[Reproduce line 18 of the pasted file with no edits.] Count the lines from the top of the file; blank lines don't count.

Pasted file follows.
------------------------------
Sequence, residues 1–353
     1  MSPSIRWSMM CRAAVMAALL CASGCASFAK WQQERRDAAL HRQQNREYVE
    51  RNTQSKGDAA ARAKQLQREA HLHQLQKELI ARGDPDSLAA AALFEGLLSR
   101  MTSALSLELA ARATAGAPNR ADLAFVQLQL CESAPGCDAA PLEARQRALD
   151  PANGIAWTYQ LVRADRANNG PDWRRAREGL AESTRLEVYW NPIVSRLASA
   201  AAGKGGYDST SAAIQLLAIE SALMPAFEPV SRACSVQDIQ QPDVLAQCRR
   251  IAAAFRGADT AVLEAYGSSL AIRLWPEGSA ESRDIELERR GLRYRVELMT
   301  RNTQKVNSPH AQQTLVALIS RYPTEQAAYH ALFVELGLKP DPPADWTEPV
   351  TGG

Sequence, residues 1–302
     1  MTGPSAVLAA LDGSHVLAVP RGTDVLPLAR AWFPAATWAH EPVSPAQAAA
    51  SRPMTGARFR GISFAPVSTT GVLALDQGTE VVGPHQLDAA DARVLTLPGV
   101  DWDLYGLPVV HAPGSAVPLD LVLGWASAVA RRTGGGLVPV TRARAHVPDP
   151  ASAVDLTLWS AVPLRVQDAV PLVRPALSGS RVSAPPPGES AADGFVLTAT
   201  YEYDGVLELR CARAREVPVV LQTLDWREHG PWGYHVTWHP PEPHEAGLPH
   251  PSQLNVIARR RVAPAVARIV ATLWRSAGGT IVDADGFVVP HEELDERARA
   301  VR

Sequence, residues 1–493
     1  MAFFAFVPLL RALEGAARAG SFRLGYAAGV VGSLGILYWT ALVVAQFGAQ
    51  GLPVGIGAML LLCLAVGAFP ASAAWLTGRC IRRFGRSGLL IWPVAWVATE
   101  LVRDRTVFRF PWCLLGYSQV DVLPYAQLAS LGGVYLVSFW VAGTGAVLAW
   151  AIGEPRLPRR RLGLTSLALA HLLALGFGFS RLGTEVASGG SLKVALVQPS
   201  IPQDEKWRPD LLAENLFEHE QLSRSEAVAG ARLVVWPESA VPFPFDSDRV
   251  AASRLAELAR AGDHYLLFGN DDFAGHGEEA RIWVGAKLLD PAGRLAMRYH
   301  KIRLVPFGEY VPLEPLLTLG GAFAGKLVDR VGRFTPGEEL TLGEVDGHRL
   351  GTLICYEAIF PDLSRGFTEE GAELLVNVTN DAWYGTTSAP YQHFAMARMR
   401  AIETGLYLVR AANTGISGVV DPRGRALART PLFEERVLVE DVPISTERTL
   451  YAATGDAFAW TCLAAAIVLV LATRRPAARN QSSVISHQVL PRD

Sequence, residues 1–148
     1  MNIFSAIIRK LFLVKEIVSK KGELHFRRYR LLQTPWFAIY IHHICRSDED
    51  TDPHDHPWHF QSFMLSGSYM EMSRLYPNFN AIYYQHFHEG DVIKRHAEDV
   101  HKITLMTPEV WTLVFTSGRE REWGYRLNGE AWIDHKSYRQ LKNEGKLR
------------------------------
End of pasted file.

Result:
Sequence, residues 1–493